Suburban restaurants are often doomed by the difficulties they have to overcome: lack of foot traffic, low customer counts, competition with the big-box chains that spring up on every major corner. But the one thing they have going for them? Their neighbors. Because when a great restaurant comes to a place previously served only by the mediocre and the lame, it can become the center of a community the way no urban restaurant ever can. Forno Antico is one of those places — a sprawling BYO that opened in a terrible location behind a jewelry store a few months back, but that’s been working hard to win over every single customer who comes through the doors. The pizzas come out of a traditional Neapolitan oven brought over from Italy (the name means “antique oven”), the alfredo tastes nothing like what you’ll get at the Olive Garden (meaning it’s wonderful and rich and buttery and creamy in the way that only a scratch-made sauce is), and the meatballs are huge, perfectly textured and delicious, even when, like me, you just ask for two orders to go so you can eat one in the parking lot before driving home.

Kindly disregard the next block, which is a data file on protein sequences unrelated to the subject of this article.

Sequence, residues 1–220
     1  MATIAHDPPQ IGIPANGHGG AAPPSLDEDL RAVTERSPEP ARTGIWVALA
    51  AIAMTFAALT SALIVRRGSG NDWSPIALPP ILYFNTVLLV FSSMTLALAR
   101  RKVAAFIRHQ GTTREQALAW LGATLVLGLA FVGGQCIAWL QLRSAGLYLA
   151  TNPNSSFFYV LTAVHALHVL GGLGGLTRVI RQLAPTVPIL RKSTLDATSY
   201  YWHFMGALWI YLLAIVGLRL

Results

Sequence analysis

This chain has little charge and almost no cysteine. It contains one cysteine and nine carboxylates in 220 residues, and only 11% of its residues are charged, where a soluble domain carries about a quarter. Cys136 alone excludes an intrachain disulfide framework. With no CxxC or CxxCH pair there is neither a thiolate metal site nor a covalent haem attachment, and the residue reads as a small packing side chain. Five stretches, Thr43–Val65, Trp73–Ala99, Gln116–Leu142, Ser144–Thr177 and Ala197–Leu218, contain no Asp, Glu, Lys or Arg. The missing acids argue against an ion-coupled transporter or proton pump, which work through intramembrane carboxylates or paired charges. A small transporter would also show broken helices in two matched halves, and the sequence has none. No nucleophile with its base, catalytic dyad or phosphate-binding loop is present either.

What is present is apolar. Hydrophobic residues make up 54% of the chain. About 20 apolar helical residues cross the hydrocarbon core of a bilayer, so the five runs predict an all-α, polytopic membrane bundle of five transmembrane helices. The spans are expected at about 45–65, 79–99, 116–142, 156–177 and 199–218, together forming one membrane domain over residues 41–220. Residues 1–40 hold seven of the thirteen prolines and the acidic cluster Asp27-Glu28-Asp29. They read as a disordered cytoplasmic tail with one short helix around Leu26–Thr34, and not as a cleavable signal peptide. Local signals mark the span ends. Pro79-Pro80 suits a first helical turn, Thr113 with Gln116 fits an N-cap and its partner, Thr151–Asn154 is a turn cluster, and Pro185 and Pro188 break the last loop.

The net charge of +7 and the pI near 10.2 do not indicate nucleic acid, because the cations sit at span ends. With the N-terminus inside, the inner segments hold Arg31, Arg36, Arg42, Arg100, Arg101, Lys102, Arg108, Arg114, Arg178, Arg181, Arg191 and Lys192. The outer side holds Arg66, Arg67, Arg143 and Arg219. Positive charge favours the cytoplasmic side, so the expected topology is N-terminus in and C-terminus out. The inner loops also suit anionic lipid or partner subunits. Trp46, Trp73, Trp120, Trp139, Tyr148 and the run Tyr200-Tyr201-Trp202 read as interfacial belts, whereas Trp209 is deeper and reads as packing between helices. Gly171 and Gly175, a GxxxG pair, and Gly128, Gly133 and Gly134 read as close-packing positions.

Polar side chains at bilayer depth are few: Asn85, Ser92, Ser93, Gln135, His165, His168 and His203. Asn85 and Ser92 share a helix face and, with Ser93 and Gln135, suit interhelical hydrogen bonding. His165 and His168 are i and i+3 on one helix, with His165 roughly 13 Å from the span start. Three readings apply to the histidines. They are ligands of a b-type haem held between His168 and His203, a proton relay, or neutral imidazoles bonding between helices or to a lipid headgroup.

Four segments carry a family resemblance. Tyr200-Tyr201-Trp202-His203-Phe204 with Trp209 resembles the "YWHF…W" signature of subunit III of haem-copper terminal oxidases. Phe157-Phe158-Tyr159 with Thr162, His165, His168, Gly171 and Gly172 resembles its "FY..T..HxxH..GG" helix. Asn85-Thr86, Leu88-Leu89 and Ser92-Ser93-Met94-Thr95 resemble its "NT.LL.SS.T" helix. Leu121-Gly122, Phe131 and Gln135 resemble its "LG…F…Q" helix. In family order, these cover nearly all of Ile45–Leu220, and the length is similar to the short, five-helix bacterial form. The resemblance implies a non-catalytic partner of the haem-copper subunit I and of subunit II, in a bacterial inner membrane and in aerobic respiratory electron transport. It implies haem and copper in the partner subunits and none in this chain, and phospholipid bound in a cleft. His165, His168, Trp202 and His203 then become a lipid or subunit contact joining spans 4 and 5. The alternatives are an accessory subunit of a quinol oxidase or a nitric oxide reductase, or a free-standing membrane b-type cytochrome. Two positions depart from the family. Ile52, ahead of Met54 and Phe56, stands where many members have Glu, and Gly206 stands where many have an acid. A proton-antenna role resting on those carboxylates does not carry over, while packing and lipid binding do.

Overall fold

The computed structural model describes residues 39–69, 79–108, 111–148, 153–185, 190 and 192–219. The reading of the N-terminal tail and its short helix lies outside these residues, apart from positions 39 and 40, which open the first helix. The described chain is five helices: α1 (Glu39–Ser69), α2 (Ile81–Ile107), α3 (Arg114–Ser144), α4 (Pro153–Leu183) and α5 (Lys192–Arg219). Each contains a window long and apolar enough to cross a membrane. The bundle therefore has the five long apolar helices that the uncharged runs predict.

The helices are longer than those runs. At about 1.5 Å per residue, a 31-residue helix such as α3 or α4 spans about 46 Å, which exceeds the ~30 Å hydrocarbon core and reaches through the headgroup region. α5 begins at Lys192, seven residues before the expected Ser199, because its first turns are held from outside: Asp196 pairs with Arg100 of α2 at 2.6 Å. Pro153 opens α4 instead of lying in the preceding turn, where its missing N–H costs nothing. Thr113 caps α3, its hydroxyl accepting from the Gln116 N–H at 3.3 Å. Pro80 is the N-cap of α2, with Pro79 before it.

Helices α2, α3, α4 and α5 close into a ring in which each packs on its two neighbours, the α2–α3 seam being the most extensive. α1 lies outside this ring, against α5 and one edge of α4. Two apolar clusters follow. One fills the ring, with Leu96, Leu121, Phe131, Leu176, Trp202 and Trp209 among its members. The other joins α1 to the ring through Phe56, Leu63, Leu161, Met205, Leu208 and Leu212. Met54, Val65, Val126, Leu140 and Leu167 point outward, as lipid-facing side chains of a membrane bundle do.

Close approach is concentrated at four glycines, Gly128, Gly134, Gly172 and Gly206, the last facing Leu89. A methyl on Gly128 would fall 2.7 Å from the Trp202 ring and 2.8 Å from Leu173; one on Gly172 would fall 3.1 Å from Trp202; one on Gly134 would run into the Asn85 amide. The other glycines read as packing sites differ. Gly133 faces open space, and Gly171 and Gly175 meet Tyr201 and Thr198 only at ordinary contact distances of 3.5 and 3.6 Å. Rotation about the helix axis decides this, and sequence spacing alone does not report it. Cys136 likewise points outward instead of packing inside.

Forno Antico [Foobooz]
Originally published in the September 2014 issue of Philadelphia magazine
Sweet Corn Pizza from City Tap House
City Tap House is rolling out a new seasonal pizza menu and they’re making a big deal about it. In fact, they sent over three pizzas today and we thought, seems like an odd time to be trumpeting what looked like ordinary pizza. But hey, pizza is pizza and we dug in. That’s when we realized there was more going on than we imagined. The salumi pizza was topped with pepperoni made with Cantimpaolo chorizo. The second pizza appeared to be the standard ham and arugula but instead it was Benton’s Farm ham with fresh peaches. Peaches on a pizza? It worked. The third pizza featured Jersey corn, roasted and pureed with a little cream and then topped with raclette, cilantro pesto and spicy pickled fresnos.
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… in New Jersey. But except for making the trip, there isn’t much else you need to do to get a pie. That’s right, the new Tacconelli’s location in Maple Shade, which opened Thursday, won’t be making guests call ahead to reserve their dough. All you have to do is show up and feast. In fact, it’s first come, first served, no call-aheads accepted.
The new Tacconelli’s location will be at 27 W Main Street in Maple Shade.